The Pulfrich Effect: Lit (1964)

Lit, A. Equidistance Settings at Photopic Retinal-Illuminance Levels as a Function of Target Velocity in a Frontal Plane. Journal of the Optical Society of America, 1964, 54(1), 83 - 88.

Copyright (c) 1964, The Optical Society of America. Permission to copy the original paper, other than fair use, must be obtained from the author and the publisher.
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by John Michael Williams, 1999. Placed in public domain.

In the present study, as in Pulfrich Effect studies, a comparison target was adjusted to match the distance of an oscillating one. To resolve certain puzzling results in the literature concerning Pulfrich effect localization error (constant error), two observers were used to obtain data at three photopic levels of illuminance and at ten target speeds from about 1.5 to 39 degrees of visual angle per second.

Although no Pulfrich filter was used, the error in each setting was treated as though entirely because of a stereoscopic Pulfrich Effect visual latency: Settings erring too close to the observer were treated as though because the target appeared near, and settings erring too far correspondingly as though appearing far. This treatment permitted a direct comparison with existing Pulfrich Effect data. The standard Pulfrich-inferred visual latency (delta-tN or delta-tF) thus was computed for settings in which no stereoscopic latency difference would be expected.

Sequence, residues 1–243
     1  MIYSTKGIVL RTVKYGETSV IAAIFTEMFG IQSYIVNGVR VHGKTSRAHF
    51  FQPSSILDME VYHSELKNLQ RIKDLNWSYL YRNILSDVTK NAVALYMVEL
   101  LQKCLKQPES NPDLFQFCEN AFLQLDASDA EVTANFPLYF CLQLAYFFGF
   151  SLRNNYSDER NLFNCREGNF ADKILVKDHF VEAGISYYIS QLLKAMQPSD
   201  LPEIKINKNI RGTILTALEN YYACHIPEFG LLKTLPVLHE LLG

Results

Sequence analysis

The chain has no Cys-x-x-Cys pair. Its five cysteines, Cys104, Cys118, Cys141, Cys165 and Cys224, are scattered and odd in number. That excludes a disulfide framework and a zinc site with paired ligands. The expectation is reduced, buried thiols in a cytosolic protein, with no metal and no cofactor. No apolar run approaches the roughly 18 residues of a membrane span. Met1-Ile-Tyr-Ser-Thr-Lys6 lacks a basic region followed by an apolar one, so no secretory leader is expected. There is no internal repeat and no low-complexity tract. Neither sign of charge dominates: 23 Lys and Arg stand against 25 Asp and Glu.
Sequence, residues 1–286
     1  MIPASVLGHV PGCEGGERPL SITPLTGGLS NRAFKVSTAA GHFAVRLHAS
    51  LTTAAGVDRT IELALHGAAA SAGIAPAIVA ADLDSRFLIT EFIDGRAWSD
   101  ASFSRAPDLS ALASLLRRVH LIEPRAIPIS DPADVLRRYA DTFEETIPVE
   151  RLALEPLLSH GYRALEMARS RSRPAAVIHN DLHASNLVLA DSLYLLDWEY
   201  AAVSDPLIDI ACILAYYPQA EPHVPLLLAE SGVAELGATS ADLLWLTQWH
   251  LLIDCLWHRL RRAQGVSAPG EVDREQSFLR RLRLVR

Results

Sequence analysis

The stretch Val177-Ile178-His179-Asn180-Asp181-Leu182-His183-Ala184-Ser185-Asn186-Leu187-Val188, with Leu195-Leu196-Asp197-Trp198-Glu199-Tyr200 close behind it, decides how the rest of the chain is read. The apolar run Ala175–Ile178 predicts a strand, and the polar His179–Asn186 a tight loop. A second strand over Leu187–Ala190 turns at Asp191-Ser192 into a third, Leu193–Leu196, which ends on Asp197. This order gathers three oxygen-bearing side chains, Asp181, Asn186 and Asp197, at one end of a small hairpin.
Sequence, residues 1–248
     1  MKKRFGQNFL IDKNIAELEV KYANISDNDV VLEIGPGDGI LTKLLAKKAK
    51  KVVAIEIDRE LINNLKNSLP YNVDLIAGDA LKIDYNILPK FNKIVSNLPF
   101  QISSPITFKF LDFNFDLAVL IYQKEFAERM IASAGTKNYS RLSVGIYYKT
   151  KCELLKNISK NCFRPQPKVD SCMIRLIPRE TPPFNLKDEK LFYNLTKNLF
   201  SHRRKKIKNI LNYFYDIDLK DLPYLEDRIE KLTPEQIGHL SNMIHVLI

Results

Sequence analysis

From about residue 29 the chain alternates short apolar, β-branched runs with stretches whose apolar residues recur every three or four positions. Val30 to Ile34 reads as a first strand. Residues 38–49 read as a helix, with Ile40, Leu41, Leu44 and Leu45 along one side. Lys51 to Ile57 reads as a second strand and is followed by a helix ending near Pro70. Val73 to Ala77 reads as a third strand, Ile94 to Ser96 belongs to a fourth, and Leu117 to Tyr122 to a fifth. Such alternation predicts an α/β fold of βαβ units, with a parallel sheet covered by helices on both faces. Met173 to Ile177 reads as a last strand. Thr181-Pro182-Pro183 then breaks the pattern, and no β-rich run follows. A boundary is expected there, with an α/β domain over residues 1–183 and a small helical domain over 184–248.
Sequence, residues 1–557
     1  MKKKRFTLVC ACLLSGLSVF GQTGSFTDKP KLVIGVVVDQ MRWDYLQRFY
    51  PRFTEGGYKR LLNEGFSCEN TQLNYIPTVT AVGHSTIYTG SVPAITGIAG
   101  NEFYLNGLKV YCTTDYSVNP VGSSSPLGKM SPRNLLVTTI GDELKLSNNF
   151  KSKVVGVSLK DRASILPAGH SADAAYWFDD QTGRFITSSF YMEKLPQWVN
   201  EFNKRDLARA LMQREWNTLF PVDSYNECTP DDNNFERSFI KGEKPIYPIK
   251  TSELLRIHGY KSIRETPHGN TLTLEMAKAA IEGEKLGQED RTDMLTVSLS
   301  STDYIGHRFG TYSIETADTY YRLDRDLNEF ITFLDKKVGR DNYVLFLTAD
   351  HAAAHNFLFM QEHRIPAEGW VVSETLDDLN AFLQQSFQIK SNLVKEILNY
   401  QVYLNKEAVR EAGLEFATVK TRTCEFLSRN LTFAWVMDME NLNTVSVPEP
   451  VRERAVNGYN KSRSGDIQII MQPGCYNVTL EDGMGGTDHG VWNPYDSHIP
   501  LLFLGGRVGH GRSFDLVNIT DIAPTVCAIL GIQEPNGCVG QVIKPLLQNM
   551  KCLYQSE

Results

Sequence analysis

The result was a measure of the constant error in Pulfrich-Effect settings. The variance in the settings, a measure of stereoacuity, was not of primary importance in this experiment.
The obtained constant error decreased in absolute value more or less consistently with decreased speed; but, the direction of change with speed was opposite for the two observers. However, as illuminance was increased, the constant error decreased consistently in the direction toward the observer.

This study therefore has confirmed previous results on the effect of illuminance; however, the personal equation for stereoscopic equidistance settings as a function of target speed still seems to depend on factors requiring further study.

Agricola 1556, p. 103:  Various arrangements of mine shafts and tunnels.

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The Pulfrich Effect, SIU-C. Last updated 2000-07-23